Next, the Court held that the ALJ erroneously failed to discuss the reasons for the weight she gave Dr. Valette’s opinion. (Id.) However, the Court held that although the ALJ should have discussed the reasons for giving Dr. Valette’s opinion great weight, substantial evidence supported such a determination and the opinion was consistent with the record as a whole. (Id. at 9.) Lastly, the ALJ’s decision had neither mentioned nor weighed Dr. Wharry’s opinion, which the Court found harmless because there was “no reason to believe that a further analysis or weighing of [the] opinion could advance [Plaintiff]’s claim of disability.” (Id. at 12 (citing Keyes-Zachary v. Astrue, 695 F.3d 1156, 1163 (10th Cir. 2012)).)

The Tenth Circuit reversed and remanded to Defendant for further proceedings. (ECF No. 27.) The court found that the ALJ’s failure to articulate the reasons for discounting Dr. Vega’s opinions-instead “only compar[ing] them in conclusory fashion to Dr. Valette’s opinion”-was erroneous. (Id. at 9.) The court further found that this error, coupled with the ALJ’s omission of any rationale for the great weight she assigned Dr. Valette’s opinion, warranted reversal due to the “significant differences” between the two opinions. (Id. at 10.) The court held that these problems could not “be fixed on appeal and must be repaired by the ALJ on remand.” (Id.)

Defendant argues that since the “basis for remand was the ALJ’s inadequate explanation for the weight given the opinions of Drs. Vega and Valette, and [because] the ALJ gave at least some weight to the opinion of Dr. Vega, it was reasonable, for purposes of determining the propriety of an EAJA award, for the ALJ to find, and for the [Defendant] to argue, that Plaintiff’s mental impairments were not disabling within the meaning of the Act.” (ECF No. 34 at 5.)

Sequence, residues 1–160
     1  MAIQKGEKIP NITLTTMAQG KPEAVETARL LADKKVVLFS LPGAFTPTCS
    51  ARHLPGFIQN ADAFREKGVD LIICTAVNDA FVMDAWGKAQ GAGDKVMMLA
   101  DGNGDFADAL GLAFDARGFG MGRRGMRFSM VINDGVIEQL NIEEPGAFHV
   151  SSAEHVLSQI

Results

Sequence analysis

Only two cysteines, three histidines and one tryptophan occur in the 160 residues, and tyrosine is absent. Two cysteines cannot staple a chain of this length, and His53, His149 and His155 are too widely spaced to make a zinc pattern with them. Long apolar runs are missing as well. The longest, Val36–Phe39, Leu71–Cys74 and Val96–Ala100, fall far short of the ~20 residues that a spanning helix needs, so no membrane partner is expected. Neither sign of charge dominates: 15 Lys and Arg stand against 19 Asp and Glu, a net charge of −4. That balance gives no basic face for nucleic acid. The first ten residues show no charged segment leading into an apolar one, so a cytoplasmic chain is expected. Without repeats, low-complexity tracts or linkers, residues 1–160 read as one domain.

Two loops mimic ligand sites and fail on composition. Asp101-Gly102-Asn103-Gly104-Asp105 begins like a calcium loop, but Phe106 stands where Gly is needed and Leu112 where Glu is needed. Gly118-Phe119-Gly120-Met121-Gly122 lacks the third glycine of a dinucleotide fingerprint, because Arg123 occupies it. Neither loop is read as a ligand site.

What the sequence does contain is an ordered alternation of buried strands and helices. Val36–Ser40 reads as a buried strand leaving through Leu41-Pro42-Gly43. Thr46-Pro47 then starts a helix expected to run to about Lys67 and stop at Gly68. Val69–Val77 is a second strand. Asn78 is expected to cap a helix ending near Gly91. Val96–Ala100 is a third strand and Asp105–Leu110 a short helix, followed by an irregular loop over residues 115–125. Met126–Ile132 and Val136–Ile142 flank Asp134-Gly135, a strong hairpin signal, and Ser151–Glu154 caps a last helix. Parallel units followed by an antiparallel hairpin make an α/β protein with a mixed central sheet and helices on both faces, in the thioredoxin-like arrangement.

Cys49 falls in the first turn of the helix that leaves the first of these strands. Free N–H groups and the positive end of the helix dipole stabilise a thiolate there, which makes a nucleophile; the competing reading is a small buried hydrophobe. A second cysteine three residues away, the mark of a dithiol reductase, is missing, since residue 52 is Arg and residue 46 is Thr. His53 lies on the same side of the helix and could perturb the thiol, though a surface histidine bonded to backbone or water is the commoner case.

The Court agrees that Defendant’s position was substantially justified. In determining whether the government’s position was substantially justified, the Court must determine “whether the government’s litigating position enjoyed substantial justification in fact and law; that is, whether its litigating position was reasonable even if wrong.” Madron v. Astrue, 646 F.3d 1255, 1257 (10th Cir. 2011) (emphasis in original). Here, the Court found that the ALJ had properly considered the record before it, including the opinions of Drs. Vega and Valette. The Court noted that, although the ALJ did not fully detail the reasons for the relative weight assigned to Drs. Vega’s and Valette’s opinions, the ALJ’s findings were supported by, and consistent with, the record as a whole. (ECF No. 18 at 7.) While the Tenth Circuit ultimately reached a different result, “it does not necessarily follow from [a] decision vacating an administrative decision that the government's efforts to defend that decision lacked substantial justification.” Madron, 646 F.3d at 1258 (affirming denial of attorneys’ fees even though Tenth Circuit had previously reversed the district court’s decision to deny benefits and remanded for an immediate award of benefits). Therefore, the Court finds that the Defendant’s argument in this case, although wrong, was reasonable based on the law and facts, and was therefore substantially justified. Because the Defendant’s position was substantially justified, Plaintiff is not entitled to recover attorneys’ fees under the EAJA. See 28 U.S.C. § 2412(d)(1)(A).


For the reasons set forth above, Plaintiffs Motion for Award of Attorneys’ Fees Pursuant to the Equal Access to Justice Act, 28 ...